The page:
Anthony Amalfitano with his Public Land Michigan Whitetail buck 11/10/2019  Anthony Amalfitano with his Public Land Michigan Whitetail buck 11/10/2019

Every year we see pictures of giant whitetail bucks taken on public land. How can this be? Where are they? If you are restricted to hunting public land for whitetail, many variables are out of your control. But, there are many strategies and tricks to get you on the trail of public land giants. Anthony Amalfitano has shot more mature whitetail bucks on public land than anyone I know. So, I asked Anthony what is his secret is to harvest big bucks year after year.

If you are a new hunter or have been hunting for years, these tips will help increase your chances of shooting a mature whitetail buck on public land.

Know Where to Find Public Land

It is crucial to know where land boundaries fall for public and private property. How do you find land? The easiest way to view public land is by using HuntWise maps. You can look at landowner boundaries, including state, federal, and all other public lands. Some public land maybe “landlocked.” You can easily find the right of way/easement access to get into this land on HuntWise Maps.

Scout in Multiple Ways

The modern hunter is accustomed to digital mapping technology. Desktop and mobile apps like HuntWise give hunters the ability to view land boundaries, topography, and satellite imagery. However, you will find many places that look good on maps, look good to other hunters, too. So get out there and walk around a little or a lot. Find the hidden spots you can’t see on the maps. Put game cameras out to see what deer are in the areas.

Make the Tree Work For You

When you find an area that has a lot of deer traffic, make the spot work for you. Don’t choose a spot to hunt just because there‚Äôs an easy tree to hang a tree stand. Certain factors force deer movement like blowdowns, ditches, creeks, fences, and more. Try to identify these spots and make the movement work to your advantage. For example, find a tree 15 yards off a path of travel. Keep in mind the direction you place the stand from the deer path. Only hunt that spot when you are downwind from the direction deer are most likely to be. Even when you find a prime location, it isn’t going to be much good if they smell you before they get close.

Avoid Other Hunters

Mature bucks made it their old age by avoiding hunters. That means, in order to get a chance at them, you need to go where other hunters aren’t. Sometimes, that means hiking farther than other hunters will go. Think about all of the big bucks living in pockets of glorious public land miles from the nearest road or trail. Another strategy is identifying land that borders private property. Sometimes, avoiding other hunters means getting creative about where you hunt. Many hunters don’t think to hunt the pockets of public land in their suburbs.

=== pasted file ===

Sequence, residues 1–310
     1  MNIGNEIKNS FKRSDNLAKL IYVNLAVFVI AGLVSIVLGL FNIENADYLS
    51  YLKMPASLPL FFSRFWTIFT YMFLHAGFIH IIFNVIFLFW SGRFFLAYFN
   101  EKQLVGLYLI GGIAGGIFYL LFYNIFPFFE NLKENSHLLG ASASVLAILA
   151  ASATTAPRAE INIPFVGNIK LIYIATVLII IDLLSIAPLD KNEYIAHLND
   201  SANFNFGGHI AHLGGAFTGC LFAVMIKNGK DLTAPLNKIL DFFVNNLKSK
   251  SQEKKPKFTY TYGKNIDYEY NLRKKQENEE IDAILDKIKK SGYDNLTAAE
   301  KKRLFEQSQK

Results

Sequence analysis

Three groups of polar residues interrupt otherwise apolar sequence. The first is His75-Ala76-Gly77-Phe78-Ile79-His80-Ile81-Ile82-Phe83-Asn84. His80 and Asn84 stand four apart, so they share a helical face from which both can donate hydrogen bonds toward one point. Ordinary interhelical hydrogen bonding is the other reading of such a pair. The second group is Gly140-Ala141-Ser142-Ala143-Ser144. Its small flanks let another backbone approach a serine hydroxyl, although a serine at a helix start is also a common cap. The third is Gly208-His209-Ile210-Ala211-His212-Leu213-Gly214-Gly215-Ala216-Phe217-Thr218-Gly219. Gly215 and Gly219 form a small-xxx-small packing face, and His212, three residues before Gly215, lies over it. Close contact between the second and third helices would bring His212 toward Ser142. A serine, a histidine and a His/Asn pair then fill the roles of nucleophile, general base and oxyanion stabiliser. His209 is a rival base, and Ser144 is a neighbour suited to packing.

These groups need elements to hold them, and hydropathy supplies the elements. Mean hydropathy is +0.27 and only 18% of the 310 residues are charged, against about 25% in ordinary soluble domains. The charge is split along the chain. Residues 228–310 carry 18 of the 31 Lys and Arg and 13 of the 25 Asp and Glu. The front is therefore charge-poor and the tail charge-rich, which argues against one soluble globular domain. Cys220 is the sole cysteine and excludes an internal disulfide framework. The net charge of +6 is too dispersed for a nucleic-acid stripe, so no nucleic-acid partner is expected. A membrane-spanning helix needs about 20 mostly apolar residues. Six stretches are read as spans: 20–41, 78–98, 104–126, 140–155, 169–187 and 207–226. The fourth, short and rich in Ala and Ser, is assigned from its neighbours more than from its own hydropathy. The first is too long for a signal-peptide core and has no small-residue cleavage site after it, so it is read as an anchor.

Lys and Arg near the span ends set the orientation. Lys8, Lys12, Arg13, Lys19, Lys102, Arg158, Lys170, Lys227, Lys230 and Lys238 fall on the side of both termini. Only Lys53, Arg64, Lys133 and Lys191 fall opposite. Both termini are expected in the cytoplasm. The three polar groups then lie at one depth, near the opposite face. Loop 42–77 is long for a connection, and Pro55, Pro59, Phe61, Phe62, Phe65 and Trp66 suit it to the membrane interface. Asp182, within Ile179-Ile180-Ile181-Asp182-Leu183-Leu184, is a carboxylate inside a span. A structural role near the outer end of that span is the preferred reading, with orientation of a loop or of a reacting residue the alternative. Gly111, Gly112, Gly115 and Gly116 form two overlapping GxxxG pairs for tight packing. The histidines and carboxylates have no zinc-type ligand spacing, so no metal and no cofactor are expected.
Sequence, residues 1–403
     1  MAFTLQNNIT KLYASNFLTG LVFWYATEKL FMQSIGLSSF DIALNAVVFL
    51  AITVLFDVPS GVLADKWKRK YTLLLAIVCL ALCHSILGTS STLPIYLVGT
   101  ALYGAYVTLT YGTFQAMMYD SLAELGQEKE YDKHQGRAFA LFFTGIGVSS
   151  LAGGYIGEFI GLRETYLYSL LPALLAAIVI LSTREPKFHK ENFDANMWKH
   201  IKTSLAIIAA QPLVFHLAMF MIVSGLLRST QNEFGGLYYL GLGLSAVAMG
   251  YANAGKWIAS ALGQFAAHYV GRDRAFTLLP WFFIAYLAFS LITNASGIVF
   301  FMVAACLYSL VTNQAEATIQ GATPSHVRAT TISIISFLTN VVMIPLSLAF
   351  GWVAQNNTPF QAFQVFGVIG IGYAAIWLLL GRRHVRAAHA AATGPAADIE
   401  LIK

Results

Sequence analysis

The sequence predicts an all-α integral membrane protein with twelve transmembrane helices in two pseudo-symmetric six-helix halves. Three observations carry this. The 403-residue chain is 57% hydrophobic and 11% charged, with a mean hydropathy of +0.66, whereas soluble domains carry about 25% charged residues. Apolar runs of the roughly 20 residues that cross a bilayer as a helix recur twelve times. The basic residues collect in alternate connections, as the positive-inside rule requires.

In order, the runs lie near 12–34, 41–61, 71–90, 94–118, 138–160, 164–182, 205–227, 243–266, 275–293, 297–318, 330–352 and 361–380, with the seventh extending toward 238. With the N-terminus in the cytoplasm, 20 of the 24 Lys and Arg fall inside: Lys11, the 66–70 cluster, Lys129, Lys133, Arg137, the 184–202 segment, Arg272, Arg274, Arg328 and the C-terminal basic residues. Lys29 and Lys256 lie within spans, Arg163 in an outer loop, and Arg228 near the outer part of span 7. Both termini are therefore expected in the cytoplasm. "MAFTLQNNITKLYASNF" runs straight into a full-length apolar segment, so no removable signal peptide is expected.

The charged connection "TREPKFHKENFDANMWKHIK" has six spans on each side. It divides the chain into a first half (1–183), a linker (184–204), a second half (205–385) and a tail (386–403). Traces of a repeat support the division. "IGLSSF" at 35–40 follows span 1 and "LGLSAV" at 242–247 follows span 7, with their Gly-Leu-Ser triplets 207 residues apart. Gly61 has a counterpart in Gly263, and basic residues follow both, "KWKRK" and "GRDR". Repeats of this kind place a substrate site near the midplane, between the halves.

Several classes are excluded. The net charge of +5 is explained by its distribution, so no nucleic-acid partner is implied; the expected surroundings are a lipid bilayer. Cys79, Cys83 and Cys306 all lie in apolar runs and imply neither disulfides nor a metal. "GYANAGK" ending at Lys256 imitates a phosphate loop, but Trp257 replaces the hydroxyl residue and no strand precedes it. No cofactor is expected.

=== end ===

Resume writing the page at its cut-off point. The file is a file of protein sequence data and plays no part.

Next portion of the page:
Anthony Amalfitano, with his 2017 Public Land Michigan Whitetail  Anthony Amalfitano, with his 2017 Public Land Michigan Whitetail

Try Different Hunting Styles

Hang-on tree stand setups and tree saddles are all the rage right now but don’t forget, pre-set stands, climbers, ground blinds, spot and stalk, and wearing ghillie suits on the ground. They all are effective if utilized smartly. Try them out! Just remember to leave public land cleaner than you found it. If you pack it in, pack it out!

Identify Where Deer Spend Time

When you are out scouting public land, look for three things: bedding areas, food sources, and travel paths. When looking at bedding areas first, look for the thickest areas of cover that provide a safety barrier. When looking for food, look for growth, or is it a hot patch of dropping oaks. Deer trails are usually pretty easy to spot. Are the bucks heading to places on private ground or to an opening at dusk? Hunt accordingly. Hunt where the deer are.

Do Your Homework

Study maps, learn the rules and laws, learn how deer use various terrain. Prep gear ahead of time and use trail cameras to see what deer are in the area and what times they are moving.

Stand Height Tips

Try to blend into the canopy or surrounding cover. A good rule of thumb is to place your stand higher in open hardwoods and lower in swampy wetlands. If tree stands aren’t for you, or you are hunting with a firearm, you can also try a pop-up ground blind.

Play the Wind & Check HuntCast Predictions

After all of your preparation, hunt strategically. The HuntWise app uses an algorithm that takes into consideration: barometric pressure, moon phase, weather conditions, and time of year to predict the best times to get out and hunt. Make sure you are scent conscious and wind conscious. Hunt the right spots at the best times. Before you head out, make sure you know the wind direction, and remember that you can check HuntWise to compare your hunting spots by the wind. Once you are out there, be aware of the direction the wind is taking your scent and try to keep the wind blowing in your face.